Instead, there was outrage. Led by an equally giddy media, many football fans gathered in town squares for the bid announcement. By the end of Thursday, they would be disappointed and cold. The middle-aged man wrapped in a wool fleece with the flag of St George painted on his face was devastated and wanted retribution.
If you are in your 40s and paint a flag on your face, there is more to worry about than Sepp Blatter. If you take your painted face out into the freezing cold to watch a live feed that is the culmination of a bureaucratic process then you need to conduct some due diligence on yourself before calling for an investigation of FIFA.
England fumed, looking for scapegoats but, if this was a familiar reaction to defeat, for once, they had a point. Perhaps not the point of the woman in Birmingham who wondered why anyone would want to go to Russia to see a tournament. But there was a point.
FIFA's commitment to its own ideals may have set up the process for reform.
What FIFA did last week destroyed the World Cup. High on their invulnerability, they granted it to a country -- Qatar -- that may provide a fantasy location but it will be a soulless and arid tournament. It may be three tournaments away but the indications are that the tournament is in swift decline and will be in a worse state by then.
Australia's bid for 2022 was as impressive as England's and they received only one vote and they hadn't provided any bad press. There are reasons to look forward to a tournament in a country like Russia but not Qatar.
The manner in which Russia achieved the success is questionable and will be questioned but its history and majesty at least promises a tournament with depth. FIFA may think they are exploring new territories by heading to Qatar but they are merely demonstrating their lack of interest in the things that should be central to a World Cup. The players are last on their list.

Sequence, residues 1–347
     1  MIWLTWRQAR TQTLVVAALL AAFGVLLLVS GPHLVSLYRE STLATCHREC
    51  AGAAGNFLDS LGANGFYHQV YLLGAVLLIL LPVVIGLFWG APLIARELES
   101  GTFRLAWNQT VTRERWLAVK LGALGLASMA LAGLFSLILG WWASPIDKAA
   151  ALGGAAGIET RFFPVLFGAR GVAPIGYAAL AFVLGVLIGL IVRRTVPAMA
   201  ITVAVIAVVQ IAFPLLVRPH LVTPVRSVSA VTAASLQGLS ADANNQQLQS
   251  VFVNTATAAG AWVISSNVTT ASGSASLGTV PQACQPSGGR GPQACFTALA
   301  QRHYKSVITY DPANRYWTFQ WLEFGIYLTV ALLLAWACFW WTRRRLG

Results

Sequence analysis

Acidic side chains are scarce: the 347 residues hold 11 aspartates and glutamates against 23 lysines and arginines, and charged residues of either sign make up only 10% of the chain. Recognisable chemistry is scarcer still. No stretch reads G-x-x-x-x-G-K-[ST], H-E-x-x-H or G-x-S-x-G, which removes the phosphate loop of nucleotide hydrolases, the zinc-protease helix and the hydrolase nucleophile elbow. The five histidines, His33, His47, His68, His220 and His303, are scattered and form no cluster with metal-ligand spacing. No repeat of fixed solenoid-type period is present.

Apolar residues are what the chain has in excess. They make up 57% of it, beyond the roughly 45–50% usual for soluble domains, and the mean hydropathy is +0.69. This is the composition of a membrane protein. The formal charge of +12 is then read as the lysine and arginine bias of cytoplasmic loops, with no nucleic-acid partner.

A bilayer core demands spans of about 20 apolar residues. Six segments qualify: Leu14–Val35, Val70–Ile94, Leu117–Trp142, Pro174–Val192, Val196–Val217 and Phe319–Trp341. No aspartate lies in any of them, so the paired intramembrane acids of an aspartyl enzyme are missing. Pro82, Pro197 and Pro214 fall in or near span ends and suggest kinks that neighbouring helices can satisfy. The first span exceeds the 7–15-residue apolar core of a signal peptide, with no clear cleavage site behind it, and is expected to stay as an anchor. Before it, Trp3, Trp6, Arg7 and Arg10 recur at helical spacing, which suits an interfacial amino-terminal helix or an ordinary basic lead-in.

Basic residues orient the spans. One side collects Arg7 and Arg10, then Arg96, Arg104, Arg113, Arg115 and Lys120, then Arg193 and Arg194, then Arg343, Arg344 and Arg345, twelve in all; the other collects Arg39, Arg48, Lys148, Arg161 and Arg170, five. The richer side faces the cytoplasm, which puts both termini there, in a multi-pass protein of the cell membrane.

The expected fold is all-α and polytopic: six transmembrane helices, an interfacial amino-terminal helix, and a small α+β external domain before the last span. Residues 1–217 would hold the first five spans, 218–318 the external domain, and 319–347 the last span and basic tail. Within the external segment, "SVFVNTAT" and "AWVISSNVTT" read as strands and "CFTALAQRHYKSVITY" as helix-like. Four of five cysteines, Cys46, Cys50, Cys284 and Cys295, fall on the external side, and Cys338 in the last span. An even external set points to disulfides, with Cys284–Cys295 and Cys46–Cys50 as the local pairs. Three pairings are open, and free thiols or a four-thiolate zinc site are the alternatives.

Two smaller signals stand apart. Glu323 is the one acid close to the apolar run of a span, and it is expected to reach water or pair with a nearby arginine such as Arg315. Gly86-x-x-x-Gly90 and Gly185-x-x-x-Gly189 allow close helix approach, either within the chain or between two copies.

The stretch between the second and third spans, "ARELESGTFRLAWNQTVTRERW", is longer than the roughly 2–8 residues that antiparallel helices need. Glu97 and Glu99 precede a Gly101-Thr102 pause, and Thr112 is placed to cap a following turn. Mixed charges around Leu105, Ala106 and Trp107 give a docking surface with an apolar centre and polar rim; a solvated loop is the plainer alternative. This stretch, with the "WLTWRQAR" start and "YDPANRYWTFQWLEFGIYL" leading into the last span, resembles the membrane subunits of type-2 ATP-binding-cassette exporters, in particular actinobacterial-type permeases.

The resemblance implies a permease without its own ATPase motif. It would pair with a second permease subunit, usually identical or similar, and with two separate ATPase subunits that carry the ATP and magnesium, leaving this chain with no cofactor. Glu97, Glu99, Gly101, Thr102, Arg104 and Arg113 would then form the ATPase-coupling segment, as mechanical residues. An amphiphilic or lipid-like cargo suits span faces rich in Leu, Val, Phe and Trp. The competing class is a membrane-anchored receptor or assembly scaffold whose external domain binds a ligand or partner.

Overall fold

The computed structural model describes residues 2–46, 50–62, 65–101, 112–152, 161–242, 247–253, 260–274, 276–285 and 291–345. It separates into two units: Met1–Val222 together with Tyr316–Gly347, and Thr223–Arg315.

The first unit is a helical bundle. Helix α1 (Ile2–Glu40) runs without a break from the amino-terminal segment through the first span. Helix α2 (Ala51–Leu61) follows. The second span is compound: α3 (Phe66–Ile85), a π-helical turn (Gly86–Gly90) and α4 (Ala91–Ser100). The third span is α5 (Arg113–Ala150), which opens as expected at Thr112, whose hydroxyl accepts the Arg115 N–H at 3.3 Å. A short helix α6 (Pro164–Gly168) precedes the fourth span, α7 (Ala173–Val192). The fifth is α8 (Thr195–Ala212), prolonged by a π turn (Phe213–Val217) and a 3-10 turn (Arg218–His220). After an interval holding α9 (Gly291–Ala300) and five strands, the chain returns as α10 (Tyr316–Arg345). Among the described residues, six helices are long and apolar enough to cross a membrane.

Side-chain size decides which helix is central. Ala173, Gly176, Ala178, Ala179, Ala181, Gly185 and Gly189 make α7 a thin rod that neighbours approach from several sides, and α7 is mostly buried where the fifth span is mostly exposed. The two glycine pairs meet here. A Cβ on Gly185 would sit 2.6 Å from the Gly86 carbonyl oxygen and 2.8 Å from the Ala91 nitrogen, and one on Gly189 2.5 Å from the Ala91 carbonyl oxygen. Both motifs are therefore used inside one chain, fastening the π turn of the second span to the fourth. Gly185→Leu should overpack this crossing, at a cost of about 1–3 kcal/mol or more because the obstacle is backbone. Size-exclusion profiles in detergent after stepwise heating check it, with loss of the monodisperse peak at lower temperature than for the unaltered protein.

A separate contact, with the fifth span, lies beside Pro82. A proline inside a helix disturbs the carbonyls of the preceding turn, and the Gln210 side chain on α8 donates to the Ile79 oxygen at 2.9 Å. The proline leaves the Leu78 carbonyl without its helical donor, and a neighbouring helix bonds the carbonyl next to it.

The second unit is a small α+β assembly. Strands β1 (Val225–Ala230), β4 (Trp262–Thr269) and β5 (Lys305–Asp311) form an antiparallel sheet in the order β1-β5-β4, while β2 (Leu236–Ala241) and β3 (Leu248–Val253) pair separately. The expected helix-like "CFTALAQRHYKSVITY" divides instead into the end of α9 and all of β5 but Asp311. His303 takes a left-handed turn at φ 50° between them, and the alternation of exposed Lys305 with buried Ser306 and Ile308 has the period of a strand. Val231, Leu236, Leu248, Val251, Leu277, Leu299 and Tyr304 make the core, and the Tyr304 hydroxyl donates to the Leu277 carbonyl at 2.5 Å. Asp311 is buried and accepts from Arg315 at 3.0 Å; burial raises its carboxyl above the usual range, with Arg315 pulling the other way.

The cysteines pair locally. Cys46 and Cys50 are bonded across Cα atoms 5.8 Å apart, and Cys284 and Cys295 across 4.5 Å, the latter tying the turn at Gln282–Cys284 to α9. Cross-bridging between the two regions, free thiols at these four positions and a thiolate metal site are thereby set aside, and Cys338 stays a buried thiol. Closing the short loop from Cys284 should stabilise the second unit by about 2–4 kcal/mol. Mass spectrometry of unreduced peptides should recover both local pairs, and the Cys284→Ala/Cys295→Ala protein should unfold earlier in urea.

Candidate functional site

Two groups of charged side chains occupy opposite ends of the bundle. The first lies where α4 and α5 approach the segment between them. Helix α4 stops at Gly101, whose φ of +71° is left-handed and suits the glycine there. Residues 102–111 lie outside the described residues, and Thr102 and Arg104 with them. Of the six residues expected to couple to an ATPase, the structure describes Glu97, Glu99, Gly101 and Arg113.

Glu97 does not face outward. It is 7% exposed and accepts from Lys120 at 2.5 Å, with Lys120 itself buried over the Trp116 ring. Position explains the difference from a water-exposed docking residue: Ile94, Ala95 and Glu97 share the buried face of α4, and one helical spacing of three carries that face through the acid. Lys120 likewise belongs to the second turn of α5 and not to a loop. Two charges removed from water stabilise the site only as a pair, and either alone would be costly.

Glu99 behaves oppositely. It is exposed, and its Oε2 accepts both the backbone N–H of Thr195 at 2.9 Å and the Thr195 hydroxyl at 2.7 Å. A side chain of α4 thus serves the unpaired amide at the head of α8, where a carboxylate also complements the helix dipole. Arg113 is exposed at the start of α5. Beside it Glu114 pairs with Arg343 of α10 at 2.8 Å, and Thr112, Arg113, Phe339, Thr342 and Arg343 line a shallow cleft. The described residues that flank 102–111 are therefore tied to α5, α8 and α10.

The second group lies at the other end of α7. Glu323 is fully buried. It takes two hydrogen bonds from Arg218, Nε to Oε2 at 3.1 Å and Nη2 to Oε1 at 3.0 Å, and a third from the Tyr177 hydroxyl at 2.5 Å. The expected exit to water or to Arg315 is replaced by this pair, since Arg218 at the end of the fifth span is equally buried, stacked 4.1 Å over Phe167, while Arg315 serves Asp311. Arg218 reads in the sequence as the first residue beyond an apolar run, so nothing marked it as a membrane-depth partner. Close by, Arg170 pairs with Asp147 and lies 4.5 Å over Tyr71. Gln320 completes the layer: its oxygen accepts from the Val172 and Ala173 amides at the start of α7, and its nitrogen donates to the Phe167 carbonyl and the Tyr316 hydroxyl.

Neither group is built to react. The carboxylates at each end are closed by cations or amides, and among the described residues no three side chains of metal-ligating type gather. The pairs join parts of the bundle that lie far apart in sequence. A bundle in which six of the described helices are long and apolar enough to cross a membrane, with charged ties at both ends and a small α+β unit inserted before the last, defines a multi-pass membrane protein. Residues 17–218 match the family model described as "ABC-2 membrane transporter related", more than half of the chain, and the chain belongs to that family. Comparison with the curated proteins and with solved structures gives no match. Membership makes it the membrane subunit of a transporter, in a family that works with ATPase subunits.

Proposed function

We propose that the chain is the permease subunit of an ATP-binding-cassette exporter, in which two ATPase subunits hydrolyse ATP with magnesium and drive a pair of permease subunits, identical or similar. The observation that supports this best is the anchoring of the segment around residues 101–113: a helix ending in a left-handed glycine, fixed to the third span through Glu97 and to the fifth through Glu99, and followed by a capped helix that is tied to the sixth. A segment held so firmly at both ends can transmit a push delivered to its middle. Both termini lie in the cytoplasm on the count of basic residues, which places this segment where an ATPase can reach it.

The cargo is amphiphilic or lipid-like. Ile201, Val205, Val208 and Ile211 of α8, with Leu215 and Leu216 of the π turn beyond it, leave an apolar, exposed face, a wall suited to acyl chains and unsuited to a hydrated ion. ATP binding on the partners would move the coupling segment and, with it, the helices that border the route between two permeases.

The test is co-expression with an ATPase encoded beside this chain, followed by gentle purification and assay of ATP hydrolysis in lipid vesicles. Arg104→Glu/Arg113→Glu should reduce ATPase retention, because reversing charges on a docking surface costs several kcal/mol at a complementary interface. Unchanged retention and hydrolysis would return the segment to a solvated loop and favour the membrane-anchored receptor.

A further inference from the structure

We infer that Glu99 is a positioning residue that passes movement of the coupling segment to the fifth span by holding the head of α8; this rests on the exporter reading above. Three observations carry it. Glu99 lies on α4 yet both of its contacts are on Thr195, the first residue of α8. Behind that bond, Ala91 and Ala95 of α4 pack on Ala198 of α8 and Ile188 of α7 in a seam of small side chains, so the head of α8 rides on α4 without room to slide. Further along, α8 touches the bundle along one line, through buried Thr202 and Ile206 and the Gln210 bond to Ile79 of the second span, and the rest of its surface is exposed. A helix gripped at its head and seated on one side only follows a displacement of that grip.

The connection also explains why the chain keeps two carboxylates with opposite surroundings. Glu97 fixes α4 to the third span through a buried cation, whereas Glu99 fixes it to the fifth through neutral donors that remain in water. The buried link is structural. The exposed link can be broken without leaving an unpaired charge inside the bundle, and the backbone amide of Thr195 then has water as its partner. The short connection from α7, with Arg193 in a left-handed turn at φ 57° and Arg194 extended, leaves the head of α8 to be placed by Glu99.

Last week did more to undermine international football than a decade of meaningless friendlies. FIFA have ceded the traditional football territories to UEFA and the Champions League.
They may be right, there may be more sense in an alignment with Russia and the petro-states than the Eurozone, but they have taken a gamble.
Those who want the old powers to break away from FIFA are asking for too much, but the old powers remain the place where footballers come to play and where people want to watch football.
FIFA have disregarded them now and gambled on breaking through in countries that are unexplored and, coincidentally, seem to share their views on openness and accountability.
The old world, which now includes the USA and Australia, is being left behind. They have a different way of doing things there and FIFA showed last week that it is not their way.
Last Thursday morning, Wikileaks released information that claimed that Russia was a "mafia state". In the afternoon, FIFA saw no problem in awarding this state the World Cup.
England had many grounds for complaint but they had run a campaign that was clueless and doomed to failure. Those like Andrew Jennings, who suggested they would have been better off campaigning for FIFA reform than blowing money and prestige, were right.
If they campaign now, if genuine momentum builds behind the idea of reforming FIFA and their process then they might be able to change. But it will not happen before 2022 and that might be too late for the World Cup.
Nothing that happened last week should have surprised the English team. But this was a bid that had men like Alan Shearer and David Ginola as ambassadors. Their strengths were hidden by naivety. They lacked knowledge of how to get things done.
England took a knife to a gunfight and then seemed surprised when things got bloody.